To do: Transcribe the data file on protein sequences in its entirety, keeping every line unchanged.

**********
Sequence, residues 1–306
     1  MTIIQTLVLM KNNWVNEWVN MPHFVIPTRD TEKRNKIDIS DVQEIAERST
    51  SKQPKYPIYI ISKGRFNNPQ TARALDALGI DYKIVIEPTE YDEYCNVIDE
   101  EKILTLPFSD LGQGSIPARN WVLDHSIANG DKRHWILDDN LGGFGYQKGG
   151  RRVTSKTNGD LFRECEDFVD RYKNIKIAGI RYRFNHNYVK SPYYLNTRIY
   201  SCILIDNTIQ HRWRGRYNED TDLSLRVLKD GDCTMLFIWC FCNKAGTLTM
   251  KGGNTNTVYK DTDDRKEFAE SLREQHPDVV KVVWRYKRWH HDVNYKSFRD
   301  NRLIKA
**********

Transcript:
Sequence, residues 1–306
     1  MTIIQTLVLM KNNWVNEWVN MPHFVIPTRD TEKRNKIDIS DVQEIAERST
    51  SKQPKYPIYI ISKGRFNNPQ TARALDALGI DYKIVIEPTE YDEYCNVIDE
   101  EKILTLPFSD LGQGSIPARN WVLDHSIANG DKRHWILDDN LGGFGYQKGG
   151  RRVTSKTNGD LFRECEDFVD RYKNIKIAGI RYRFNHNYVK SPYYLNTRIY
   201  SCILIDNTIQ HRWRGRYNED TDLSLRVLKD GDCTMLFIWC FCNKAGTLTM
   251  KGGNTNTVYK DTDDRKEFAE SLREQHPDVV KVVWRYKRWH HDVNYKSFRD
   301  NRLIKA